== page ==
The AAP government has decided to treat zero as an even number and allow cars that have it as the last digit to ply on the roads on ‘even’ dates.
After the government announced a plan to allow private vehicles on the roads only on alternate days starting January 1 to clean the world’s most polluted capital, social media erupted, pointing out alleged flaws and ambiguities in it.
“Technically zero is neither odd or even. So anyone with number ending zero can ply on both days! :-) Loophole,” Gujju Gajamani (@gajamani) tweeted.
It turns out that Delhiites aren’t the only ones facing this dilemma. When Paris implemented the odd-even car rationing in 1977, the police avoided fining drivers whose plates ended in 0, since they weren’t sure if zero was even or odd.
To avoid such confusion, the relevant legislation sometimes stipulates that zero is even. Such laws were passed in New South Wales and Maryland. Half of the numbers in a given range end in 0, 2,4, 6, 8 and the other half in 1, 3, 5,7, 9, so it makes sense to include 0 with the other even numbers.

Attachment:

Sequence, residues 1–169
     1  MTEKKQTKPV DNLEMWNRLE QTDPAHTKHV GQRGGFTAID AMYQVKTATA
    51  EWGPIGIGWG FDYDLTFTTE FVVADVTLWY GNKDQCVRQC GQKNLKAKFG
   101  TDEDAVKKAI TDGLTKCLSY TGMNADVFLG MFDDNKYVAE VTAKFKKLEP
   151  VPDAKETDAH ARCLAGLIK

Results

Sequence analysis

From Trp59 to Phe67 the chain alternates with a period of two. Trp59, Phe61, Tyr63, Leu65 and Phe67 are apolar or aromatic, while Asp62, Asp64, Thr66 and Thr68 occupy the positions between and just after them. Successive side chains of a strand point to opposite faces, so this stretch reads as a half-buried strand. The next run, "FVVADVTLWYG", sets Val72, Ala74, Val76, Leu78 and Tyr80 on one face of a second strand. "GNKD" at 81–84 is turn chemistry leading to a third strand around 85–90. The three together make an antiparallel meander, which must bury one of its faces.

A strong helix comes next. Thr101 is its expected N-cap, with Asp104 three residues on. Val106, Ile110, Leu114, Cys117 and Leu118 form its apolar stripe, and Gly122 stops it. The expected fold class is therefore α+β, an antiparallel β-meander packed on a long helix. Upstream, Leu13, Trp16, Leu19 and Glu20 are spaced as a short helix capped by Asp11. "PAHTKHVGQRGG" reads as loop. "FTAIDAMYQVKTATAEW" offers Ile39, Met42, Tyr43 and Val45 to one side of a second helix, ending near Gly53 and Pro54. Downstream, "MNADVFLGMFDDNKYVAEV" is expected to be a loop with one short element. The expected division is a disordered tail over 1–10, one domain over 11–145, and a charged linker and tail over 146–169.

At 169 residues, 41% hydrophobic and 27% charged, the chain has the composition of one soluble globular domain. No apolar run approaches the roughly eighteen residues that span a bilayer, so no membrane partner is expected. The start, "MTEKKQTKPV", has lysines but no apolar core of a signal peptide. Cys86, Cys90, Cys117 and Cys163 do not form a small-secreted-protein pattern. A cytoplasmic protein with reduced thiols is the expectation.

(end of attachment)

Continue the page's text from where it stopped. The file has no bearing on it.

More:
Even mathematician and former vice-chancellor of Delhi University Dinesh Singh said zero is considered an even number. “Zero is an even number. It is divisible by two. There is no confusion there,” Singh said.
This even-odd formula is a measure to allow only half of the existing fleet to operate in a day. However, emergency services and public transport will be exempted from this restriction.
Among other measures to curb pollution, the government also plans to shut down the Badarpur thermal power plant and take action on the Dadri power plant.
It will make Euro VI emissions standards mandatory from 2017, and entry of trucks will be delayed to 11pm. The government said massive plantation drives will be undertaken along all arterial roads across the city.
The public works department will undertake vacuum cleaning of roads from April 1. The government will also launch an app for the public to report about polluting vehicles.